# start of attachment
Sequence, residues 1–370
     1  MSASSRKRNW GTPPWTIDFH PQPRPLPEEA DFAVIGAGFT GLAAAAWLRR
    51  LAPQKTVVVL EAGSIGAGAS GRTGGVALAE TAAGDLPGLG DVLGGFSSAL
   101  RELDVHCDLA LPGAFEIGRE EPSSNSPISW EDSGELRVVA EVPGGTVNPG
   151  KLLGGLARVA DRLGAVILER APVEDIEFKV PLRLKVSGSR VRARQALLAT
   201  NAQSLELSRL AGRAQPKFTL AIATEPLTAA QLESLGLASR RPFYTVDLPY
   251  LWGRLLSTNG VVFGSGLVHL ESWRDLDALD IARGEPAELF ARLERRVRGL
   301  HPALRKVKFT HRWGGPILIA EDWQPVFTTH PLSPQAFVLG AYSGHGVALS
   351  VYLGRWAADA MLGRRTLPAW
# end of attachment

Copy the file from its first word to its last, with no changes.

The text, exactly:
Sequence, residues 1–370
     1  MSASSRKRNW GTPPWTIDFH PQPRPLPEEA DFAVIGAGFT GLAAAAWLRR
    51  LAPQKTVVVL EAGSIGAGAS GRTGGVALAE TAAGDLPGLG DVLGGFSSAL
   101  RELDVHCDLA LPGAFEIGRE EPSSNSPISW EDSGELRVVA EVPGGTVNPG
   151  KLLGGLARVA DRLGAVILER APVEDIEFKV PLRLKVSGSR VRARQALLAT
   201  NAQSLELSRL AGRAQPKFTL AIATEPLTAA QLESLGLASR RPFYTVDLPY
   251  LWGRLLSTNG VVFGSGLVHL ESWRDLDALD IARGEPAELF ARLERRVRGL
   301  HPALRKVKFT HRWGGPILIA EDWQPVFTTH PLSPQAFVLG AYSGHGVALS
   351  VYLGRWAADA MLGRRTLPAW